VERROCCHIO, Andrea del
(b. 1435, Firenze, d. 1488, Venezia)

Christ and Doubting Thomas

Bronze, height 230 cm
Orsanmichele, Florence

Verrocchio worked on this group for the Orsanmichele between 1476 and 1483. The figure of Christ was executed at about 1477-78, while that of Thomas at 1482-83.

Verrocchio tailored his composition to a niche originally designed by Donatello for a single figure (his St Louis). There was no precedent for the subject in the three-dimensional tradition, yet Verrocchio solved the problems magnificently, abandoning symmetry by placing St Thomas on the extreme left, projecting out of the niche. Thus the viewer enters the composition via the diagonal of St Thomas's foot overlapping the ledge. The gestures of the figures inextricably bind them together. Christ's upraised hand is traditional in this scene but Verrocchio has modified it to resemble both a blessing and a baptism. Even the drapery evokes the two personalities: the majestic folds of Christ's garment contrast with the more agitated cloth of the saint who doubted Christ's resurrection.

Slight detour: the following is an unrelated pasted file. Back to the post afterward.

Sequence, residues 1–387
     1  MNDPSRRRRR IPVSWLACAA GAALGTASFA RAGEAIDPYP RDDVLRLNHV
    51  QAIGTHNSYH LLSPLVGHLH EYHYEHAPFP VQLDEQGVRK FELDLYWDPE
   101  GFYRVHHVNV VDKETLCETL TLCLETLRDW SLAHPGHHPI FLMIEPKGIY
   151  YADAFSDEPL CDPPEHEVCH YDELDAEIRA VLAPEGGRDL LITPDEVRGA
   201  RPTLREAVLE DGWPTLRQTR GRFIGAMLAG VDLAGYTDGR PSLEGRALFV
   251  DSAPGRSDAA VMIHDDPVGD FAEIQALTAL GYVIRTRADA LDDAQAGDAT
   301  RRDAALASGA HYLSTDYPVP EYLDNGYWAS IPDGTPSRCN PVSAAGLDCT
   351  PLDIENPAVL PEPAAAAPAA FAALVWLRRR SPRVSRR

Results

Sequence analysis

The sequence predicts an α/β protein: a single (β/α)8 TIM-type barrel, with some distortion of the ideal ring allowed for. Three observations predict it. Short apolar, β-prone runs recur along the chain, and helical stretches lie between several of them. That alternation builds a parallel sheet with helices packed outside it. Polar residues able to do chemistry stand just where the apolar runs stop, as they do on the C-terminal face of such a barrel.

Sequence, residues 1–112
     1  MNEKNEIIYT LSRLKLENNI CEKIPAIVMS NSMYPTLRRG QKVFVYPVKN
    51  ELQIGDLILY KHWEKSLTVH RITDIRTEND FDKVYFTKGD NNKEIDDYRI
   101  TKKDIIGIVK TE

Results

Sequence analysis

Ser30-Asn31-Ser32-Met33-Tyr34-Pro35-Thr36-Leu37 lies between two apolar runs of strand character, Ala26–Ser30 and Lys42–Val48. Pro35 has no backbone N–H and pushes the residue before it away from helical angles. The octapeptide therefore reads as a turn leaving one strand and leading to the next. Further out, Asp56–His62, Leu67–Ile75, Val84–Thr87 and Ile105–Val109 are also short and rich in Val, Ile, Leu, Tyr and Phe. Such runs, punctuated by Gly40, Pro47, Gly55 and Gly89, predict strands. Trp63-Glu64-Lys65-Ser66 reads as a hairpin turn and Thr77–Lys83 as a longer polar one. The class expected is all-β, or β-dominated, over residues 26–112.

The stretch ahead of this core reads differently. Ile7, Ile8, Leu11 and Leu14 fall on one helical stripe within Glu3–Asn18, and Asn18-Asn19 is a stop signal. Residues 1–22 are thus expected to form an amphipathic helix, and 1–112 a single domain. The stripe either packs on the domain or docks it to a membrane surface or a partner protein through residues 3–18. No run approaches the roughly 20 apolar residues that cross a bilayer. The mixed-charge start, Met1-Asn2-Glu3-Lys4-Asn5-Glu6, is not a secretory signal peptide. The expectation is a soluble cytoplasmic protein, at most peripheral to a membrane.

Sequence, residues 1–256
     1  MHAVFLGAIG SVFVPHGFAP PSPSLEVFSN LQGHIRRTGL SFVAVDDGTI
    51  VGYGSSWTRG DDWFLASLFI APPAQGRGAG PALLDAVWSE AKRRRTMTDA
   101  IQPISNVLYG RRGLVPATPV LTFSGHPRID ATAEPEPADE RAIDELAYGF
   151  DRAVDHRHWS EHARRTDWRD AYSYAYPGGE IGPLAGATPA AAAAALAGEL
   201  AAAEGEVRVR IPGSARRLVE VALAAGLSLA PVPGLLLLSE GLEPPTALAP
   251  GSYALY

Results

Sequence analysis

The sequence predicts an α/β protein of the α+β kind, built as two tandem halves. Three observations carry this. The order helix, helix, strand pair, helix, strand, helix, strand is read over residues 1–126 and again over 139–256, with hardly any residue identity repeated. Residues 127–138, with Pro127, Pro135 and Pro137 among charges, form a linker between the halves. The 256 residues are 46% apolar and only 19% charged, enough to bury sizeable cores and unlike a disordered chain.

Verrocchio's interest in physiognomy and expressive drapery was passed on to Leonardo. Indeed, there is a a striking resemblance between Verrocchio's Christ and Leonardo's in The Last Supper (c. 1494). It has been suggested that Leonardo worked on Christ's head for the sculpture, although it is more likely that he adopted Verrocchio's type for the painting.

The stone niche is the work of Donatello and Michelozzo.

When the group was removed for safekeeping during World War II, it was discovered that the figures have no backs; seen from behind they are hollow shells of bronze.

View images of the exterior sculptural decoration of Orsanmichele.